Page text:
Continuous Telemetric Measurement and Chronic Control of Cerebrospinal Fluid Pressure
The pressure inside the eye, or intraocular pressure (IOP), has long been thought to play a dominant role in glaucoma, but recent work suggests that pressure from cerebrospinal fluid surrounding the optic nerve exiting the eye is also involved. These pressures are not easy to measure, so there has been no good way to determine if the pressure around the nerve where it exits the eye is truly important. We have developed a new system to wirelessly measure and record the IOP continuously in research subjects, and we now want to extend that system to measure the pressure around the nerve exiting the eye. Using this system, we can definitively determine if the pressure around the nerve is important in glaucoma, which could lead to new treatment approaches for this blinding disease.
The pressure inside the eye, known as intraocular pressure (IOP) has long been thought to play a dominant role in glaucoma, but recent work suggests that fluid pressure from cerebrospinal fluid surrounding the nerve exiting the eye is also involved. IOP and cerebrospinal fluid pressure (CSFP) counteract each other at the optic nerve head (ONH), which is generally accepted as the site of damage in glaucoma. These pressures are difficult to measure and so there has been no good way to determine if the pressure around the nerve is truly important in glaucoma pathogenesis or progression. We have developed a new system to wirelessly measure and record the pressure in the eye continuously in research subjects, and we now want to extend that system to measure CSFP as well. Using this system, we can definitively determine if CSFP is important in glaucoma, which could lead to new treatment approaches for this blinding disease.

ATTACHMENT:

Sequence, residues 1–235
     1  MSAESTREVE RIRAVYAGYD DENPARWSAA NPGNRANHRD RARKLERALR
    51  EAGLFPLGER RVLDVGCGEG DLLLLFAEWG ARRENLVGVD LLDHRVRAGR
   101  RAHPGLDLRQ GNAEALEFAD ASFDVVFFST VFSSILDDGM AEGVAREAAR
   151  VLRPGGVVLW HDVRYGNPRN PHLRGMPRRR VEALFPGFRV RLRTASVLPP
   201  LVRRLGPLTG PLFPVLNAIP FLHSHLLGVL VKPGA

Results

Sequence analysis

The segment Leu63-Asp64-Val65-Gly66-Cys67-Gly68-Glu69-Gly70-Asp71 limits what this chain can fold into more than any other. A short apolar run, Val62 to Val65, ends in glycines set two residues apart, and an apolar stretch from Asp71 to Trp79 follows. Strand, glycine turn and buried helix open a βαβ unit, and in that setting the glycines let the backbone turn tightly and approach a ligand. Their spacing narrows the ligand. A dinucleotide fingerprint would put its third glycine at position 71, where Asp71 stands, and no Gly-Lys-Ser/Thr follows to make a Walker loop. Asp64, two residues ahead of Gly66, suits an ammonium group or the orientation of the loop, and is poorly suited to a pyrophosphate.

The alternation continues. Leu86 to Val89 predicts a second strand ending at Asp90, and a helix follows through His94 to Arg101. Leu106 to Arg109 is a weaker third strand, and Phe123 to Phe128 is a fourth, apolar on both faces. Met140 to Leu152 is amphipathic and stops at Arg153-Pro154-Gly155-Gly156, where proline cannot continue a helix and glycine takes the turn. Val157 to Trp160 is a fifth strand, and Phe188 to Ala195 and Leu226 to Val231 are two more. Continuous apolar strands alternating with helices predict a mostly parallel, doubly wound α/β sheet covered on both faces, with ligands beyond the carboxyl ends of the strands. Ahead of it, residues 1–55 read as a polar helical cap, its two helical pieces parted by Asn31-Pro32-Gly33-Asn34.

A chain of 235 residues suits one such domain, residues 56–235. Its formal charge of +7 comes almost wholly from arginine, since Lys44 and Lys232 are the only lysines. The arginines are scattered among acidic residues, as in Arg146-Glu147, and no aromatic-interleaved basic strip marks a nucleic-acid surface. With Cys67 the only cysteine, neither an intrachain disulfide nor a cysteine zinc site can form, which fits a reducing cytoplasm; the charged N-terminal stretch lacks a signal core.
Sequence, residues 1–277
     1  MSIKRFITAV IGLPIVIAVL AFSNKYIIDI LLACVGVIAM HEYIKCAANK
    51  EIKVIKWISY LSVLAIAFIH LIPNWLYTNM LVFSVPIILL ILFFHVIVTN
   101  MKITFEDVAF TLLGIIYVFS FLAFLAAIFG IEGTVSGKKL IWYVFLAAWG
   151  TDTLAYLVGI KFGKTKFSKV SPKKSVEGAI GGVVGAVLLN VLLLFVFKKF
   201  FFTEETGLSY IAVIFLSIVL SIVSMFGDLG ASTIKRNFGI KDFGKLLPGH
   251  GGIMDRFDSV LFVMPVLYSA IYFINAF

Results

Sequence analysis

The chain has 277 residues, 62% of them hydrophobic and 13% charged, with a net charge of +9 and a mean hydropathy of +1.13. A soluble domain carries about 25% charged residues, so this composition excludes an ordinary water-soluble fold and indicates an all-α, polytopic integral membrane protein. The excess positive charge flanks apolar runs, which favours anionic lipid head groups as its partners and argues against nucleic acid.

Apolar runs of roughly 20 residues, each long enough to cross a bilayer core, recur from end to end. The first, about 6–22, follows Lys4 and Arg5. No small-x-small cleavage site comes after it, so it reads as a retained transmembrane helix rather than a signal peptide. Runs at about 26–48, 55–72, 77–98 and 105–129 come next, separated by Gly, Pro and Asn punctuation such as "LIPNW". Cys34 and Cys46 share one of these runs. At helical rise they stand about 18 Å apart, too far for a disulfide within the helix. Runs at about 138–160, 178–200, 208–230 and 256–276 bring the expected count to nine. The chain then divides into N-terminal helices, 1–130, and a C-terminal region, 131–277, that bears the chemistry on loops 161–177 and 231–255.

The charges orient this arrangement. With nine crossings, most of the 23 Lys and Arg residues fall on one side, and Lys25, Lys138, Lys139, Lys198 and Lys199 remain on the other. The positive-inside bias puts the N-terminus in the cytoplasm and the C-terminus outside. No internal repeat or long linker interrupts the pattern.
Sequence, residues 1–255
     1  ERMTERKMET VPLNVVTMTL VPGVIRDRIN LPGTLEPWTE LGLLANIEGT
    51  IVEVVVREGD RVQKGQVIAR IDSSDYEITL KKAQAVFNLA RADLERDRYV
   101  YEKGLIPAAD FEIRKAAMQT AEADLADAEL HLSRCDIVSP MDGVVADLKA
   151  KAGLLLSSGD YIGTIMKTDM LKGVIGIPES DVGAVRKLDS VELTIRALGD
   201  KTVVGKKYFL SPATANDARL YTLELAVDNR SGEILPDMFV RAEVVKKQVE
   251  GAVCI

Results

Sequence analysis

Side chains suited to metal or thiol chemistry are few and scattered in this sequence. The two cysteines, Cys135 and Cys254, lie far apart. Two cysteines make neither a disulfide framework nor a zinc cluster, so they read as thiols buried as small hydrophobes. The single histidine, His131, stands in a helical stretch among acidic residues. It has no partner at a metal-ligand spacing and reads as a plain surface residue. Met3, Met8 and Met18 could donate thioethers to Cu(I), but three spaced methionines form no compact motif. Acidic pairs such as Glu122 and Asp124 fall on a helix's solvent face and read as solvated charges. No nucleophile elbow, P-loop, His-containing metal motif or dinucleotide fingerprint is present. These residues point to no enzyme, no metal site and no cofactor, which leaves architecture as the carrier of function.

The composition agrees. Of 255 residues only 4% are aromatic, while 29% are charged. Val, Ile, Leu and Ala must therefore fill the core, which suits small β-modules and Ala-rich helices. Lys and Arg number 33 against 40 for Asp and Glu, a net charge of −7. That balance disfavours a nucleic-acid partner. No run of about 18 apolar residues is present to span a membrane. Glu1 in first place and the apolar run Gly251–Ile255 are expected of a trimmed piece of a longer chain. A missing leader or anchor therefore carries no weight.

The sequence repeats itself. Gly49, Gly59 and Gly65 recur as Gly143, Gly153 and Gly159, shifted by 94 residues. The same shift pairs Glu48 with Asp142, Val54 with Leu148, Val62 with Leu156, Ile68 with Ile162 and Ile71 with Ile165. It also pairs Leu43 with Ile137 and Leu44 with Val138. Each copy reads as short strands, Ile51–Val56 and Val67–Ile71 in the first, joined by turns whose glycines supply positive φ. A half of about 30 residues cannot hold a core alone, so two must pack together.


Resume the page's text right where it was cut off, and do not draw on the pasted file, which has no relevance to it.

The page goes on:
In Aim 1, we propose to develop, implant and validate an implantable CSFP transducer for addition to our existing wireless IOP telemetry system, and to quantify the translaminar pressure difference (IOP-CSFP) with body position and normal activity. To accomplish this, we will develop a CSFP telemetry sensor, implant the wireless system (including unilateral IOP) in four research animals, and test transducer performance via bi-weekly calibration against a gold standard clinical monitor. Once validated, we will measure and quantify baseline CSFP and unilateral IOP near-continuously (200Hz for 12 seconds every 2 minutes, 24 hours per day) for 2 months, and characterize the translaminar pressure difference (IOP - CSFP) in various body positions.
In Aim 2, we propose to lower CSFP to one-third of normal levels for 9 months using an implanted CSF shunt and determine if a CSFP-driven increase in the translaminar pressure difference (IOP-CSFP) induces a glaucoma-like optic neuropathy. Once CSFP is lowered and stable, we will perform bi-weekly imaging of the ONH at a manometer-controlled IOP of 10 mmHg to assess longitudinal change in ONH morphology and retinal nerve fiber layer (RNFL) thickness compared to baseline measurements taken before CSFP lowering. Differences in optic disk appearance, ONH structure, and/or decreases in RNFL thickness will indicate that CSFP is potentially an important contributor to glaucoma or a related optic neuropathy.